ABC's Single Parentshas promise. Though the first episode wobbles in trying to balance the sweet and sentimental stuff with its saltier, funnier edge, Single Parents could become a gem in ABC's family comedy lineup once it sharpens its edges.
Maybe you hadn't noticed, but people don't really believe they have to be married or partnered to raise a kid anymore. Twenty-five percent of U.S. parents living with a child are unmarried and only half of Americans bother getting married at all, a huge shift from the Leave it to Beaver days of yore. This is the groove in which Single Parents finds its comedy, with sad sack Will (Taran Killam) becoming the defacto leader, as well as the pet project, of a group of other single baby mommas and daddies.
They include bleeding heart/hovering mom Angie (Leighton Meester), hipster space cadet Miggy (Jake Choi), Type-A momager Poppy (Kimrie Lewis) and Douglas (Brad Garrett), the uptight conservative-leaning father of twins. These parents find kinship in the comic mania of juggling play dates, school assignments, mini-meltdowns and the like all by yourself. In the first episode, Will, who hasn't had a date (or sex) in years and is all consumed with mermaids, unicorns and other trappings of his daughter's life, is rescued by Angie and the gang, given the support he needs to take off the hideous track pants and get back in the swing of things.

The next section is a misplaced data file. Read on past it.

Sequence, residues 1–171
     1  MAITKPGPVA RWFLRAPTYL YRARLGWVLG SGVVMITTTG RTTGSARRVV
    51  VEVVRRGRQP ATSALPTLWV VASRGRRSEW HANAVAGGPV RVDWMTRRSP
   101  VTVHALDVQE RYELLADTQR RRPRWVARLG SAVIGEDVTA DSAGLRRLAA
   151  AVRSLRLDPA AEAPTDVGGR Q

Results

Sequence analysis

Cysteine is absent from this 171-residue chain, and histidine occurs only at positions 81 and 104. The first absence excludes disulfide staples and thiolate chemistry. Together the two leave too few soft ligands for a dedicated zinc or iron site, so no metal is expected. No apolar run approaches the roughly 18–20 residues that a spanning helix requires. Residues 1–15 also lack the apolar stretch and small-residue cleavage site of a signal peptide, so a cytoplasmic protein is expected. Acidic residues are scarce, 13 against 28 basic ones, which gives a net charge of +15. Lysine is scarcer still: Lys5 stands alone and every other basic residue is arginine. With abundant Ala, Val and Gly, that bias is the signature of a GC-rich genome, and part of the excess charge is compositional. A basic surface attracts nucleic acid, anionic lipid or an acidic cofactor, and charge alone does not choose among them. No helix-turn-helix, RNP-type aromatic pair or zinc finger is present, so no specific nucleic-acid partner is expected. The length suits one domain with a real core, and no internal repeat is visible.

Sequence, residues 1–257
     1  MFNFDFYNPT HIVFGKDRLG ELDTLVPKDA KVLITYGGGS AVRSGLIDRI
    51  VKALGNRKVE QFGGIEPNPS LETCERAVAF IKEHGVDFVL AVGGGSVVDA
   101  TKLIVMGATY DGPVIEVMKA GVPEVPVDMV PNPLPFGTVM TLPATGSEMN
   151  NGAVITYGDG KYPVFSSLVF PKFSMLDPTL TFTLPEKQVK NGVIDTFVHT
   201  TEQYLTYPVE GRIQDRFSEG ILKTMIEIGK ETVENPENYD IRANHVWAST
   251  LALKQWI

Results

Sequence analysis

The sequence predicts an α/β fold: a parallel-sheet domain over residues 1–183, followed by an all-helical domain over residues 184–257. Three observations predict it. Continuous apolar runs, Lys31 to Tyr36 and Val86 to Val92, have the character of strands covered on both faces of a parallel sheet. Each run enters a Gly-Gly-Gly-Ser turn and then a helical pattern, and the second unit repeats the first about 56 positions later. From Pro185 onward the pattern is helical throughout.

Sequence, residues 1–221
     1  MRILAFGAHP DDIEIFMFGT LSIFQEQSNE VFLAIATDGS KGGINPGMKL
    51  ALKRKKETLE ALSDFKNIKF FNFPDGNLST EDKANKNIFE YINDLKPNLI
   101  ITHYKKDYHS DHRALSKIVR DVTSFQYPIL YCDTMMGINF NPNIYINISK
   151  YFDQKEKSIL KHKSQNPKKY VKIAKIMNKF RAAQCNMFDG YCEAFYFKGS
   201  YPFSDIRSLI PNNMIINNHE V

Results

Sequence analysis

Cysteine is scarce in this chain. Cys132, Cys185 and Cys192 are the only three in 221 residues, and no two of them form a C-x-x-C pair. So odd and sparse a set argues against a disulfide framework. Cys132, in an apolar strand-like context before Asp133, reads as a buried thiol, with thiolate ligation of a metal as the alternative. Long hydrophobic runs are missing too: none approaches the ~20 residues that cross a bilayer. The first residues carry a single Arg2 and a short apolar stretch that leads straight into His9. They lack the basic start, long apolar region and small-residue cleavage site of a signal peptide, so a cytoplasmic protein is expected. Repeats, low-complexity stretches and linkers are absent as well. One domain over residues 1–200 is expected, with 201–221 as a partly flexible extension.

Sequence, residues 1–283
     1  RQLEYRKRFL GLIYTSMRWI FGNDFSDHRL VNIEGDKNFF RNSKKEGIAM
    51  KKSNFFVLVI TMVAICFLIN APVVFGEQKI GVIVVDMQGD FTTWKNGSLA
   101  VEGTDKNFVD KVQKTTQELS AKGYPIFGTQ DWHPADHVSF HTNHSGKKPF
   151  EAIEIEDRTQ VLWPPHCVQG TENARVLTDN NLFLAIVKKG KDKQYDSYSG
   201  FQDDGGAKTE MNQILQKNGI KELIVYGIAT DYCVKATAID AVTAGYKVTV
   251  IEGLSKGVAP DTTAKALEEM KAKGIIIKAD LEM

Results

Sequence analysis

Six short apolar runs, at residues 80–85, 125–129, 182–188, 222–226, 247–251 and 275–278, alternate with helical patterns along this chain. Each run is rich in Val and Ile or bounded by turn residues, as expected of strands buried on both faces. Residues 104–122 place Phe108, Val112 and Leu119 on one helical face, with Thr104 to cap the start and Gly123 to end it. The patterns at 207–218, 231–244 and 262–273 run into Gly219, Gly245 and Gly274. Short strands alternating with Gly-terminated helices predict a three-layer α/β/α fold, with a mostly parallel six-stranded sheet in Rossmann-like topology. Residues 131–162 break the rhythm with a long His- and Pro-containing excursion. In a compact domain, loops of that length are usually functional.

Single Parents' has an insightful goofiness about it that's absolutely endearing, and will likely be a balm for exhausted single parents keen to see a show that knows their struggle is real (assuming, of course, they have time to even watch TV.) It needs just a little more finesse to find its true north in terms of tone, and how to best employ the marquee talents Meester and Garrett, who sometimes feel underused as Killam's adorkable dad thing hogs most of the spotlight.
But what really makes Single Parents sparkle are the kids. Kids are adorable no matter what they do, but Single Parents' kids are, as a bloc, Single Parents' main attraction. Granted, they're pretty much all precocious tykes too grown-through-script to be speaking to adults in the way they do, and they're all uniformly painted as wise beyond their years and advisors to their overwhelmed guardians. Yet they're legit funny, deft actors who steal pretty much every scene they're in, proving why that old showbiz adage "Never work with children or animals" has so much merit.
Single Parents premieres Wednesday, Sept. 26 at 9:30/8:30c on ABC.